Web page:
Originally posted on LinkedIn by Kelsey on July 11th, 2019
Growing a business is much like raising a child... Or at least I suppose it is; though to be fair, I only have a cat. Nevertheless... So you bring this child into the world and birthing it is absolute HELL; it's so difficult & uncertain at first but something feels right so you keep pushing. (Ok, my bad. This analogy is getting too graphic.) As it grows, it brings you joy & pain, smiles and tears; but you keep at it, you keep raising this child in hopes that it will one day change the world. I'm just over 2 years into the life of my business "child" with Doughp- and it takes a constant focus to keep going, in the face of adversity and challenging times, it's up to you as the entrepreneur to keep the drive alive.
In the beginning, you've got this awesome idea and you're like 90% sure other people will be on board with it. Get your MVP ready and set out in the world - who's ready to buy? What do they care about? How's the price point? Marketing look good? And over time, with all this new input, you start to perfect your offering. The growth in those early 6 months or so is invigorating; your getting the first signals that, "Holy shit! People really want this!" and the haters seem few and far between. I was so thrilled to see my product in someone's hands; many of them enjoying safe-to-eat cookie dough for the very first time. I couldn't believe it. I was flying.
The hustle game is strong in the beginning. In the food industry, the physical toll was the most intense shift for me. I went from 8 hours at a desk job to 12-14 hours of loading/unloading/lifting/scooping. Believe me - I was banged up, bruised, cut, and occasionally crying. But you've got to do it. Prove your concept before you go balls deep investing in staff. In the early stages, it's all you, alone, all the time. (Unless you have a co-founder, then it's you two...Quick-but-worthy-tangent: If you can grow YOUR idea alone, do it. This nonsense requirement to have a co-founder is, in my opinion, BS. I grew Doughp from $150k in 2017 to just shy of $1M in 2018 without ANY partner/co-founder. You are the magic sauce, you know what you need to do and, unless you require some high-dollar software engineer, go and freaking DO IT yourself!) But I digress... :)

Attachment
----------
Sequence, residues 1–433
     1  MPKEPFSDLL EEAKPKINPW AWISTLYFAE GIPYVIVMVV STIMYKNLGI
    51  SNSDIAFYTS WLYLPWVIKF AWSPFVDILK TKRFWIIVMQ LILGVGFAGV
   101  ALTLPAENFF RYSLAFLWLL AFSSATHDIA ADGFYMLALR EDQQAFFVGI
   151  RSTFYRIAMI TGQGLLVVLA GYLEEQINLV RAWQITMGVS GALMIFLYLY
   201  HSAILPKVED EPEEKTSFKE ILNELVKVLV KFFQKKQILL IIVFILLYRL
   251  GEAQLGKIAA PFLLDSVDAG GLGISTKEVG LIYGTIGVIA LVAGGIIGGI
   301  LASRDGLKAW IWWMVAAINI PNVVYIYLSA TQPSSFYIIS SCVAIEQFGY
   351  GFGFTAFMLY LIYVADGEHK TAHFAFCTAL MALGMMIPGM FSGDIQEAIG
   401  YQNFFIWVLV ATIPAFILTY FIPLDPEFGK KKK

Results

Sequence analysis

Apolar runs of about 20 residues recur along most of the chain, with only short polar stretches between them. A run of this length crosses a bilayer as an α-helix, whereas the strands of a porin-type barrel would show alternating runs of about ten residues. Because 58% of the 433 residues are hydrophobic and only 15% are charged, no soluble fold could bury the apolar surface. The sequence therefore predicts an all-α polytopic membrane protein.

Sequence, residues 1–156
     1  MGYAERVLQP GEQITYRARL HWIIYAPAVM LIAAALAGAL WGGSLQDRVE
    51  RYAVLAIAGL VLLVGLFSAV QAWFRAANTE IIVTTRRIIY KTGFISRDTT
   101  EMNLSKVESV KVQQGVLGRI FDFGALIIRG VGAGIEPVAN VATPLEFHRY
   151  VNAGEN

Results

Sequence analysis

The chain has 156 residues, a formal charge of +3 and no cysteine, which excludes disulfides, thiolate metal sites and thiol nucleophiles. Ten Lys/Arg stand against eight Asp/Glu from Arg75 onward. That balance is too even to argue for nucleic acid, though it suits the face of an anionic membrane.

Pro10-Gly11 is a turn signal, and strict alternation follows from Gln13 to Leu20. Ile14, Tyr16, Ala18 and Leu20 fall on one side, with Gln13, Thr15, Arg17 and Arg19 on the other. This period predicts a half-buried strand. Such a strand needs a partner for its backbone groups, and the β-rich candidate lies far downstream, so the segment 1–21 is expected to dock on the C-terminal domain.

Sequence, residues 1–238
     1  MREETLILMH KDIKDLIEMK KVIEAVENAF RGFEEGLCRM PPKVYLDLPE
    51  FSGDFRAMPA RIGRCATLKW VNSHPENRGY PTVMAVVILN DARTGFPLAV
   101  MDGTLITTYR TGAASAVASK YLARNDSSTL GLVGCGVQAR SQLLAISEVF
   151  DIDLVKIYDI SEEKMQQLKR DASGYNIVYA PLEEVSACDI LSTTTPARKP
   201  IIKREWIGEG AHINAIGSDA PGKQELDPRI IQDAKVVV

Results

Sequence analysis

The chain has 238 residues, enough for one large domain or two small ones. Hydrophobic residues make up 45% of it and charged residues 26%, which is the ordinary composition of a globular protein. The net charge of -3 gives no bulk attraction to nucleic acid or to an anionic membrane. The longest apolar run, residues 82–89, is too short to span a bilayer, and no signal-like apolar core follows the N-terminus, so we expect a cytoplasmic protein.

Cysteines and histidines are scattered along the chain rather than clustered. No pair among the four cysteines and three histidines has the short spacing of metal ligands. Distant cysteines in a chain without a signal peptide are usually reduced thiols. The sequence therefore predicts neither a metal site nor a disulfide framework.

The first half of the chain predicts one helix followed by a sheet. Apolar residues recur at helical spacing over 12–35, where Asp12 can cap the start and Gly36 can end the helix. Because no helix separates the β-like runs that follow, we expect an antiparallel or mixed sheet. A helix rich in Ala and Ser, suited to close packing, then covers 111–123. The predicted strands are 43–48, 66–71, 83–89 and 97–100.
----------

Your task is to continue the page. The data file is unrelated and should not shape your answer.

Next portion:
After you've established your concept, you now have the baseline offering locked down. People love it. They are down with your price point. This is where it gets exciting because now you can figure out what you want to say or do for the world. Your brand is this incredible vehicle for a message you want to convey. Yeah, your business can and should make you money. But it also has an incredible power to make a positive impact. More and more consumers are looking into brands and saying, "Why do you exist?" For me, Doughp began to morph into a truly mission-driven company just around our 1-year mark. Simon Sinek said it best, "Start with WHY."
"People don't buy what you do. They buy why you do it." - Simon Sinek
When it comes to keeping the entrepreneur drive alive, finding & growing your mission is a HIUGE component to this. Given my journey into sobriety, Doughp took a stance on mental health & addiction and formed the #Doughp4Hope initiative. My socialized alcoholism and anxiety issues were not unique to me; 1 in 2 Americans will be diagnosed with a mental health disorder in their lifetime. We are NOT alone in this, so why not talk about it? Giving Doughp a purpose is what gives me energy on the toughest of days. When it all seems to hard, too overwhelming and you want to give up, stop to consider what impact your "child" is having on the world. On my hardest days with Doughp, I look at this letter I received the day after our episode of Shark Tank aired:
"I lost my son to addiction in February, the disease won. Don't know why but the only TV show I can tolerate is Shark Tank. Seeing Kelsey last night felt like a message from my son. I know, you think I'm nuts, but I do believe. Anyway, your story is terrific and your passions are so genuine. As a mental health professional and mother who lost her son to the disease of addiction, you have my respect and admiration. And this weekend, I will become a customer. Thank you Kelsey and the Doughp team."
If that doesn't give you goosebumps, I don't know what will. That's motivation. That's why I get up in the morning. As hard as entrepreneur life gets, you get the hell up and keep going; knowing you have the power to make even one person feel warmth in their darkest time.
So I'll leave you with that. Keeping the drive alive is about finding your "why" and moving towards propelling that goal every - single - day. From one entrepreneur to another, you've got this.
Founder & Fearless Leader
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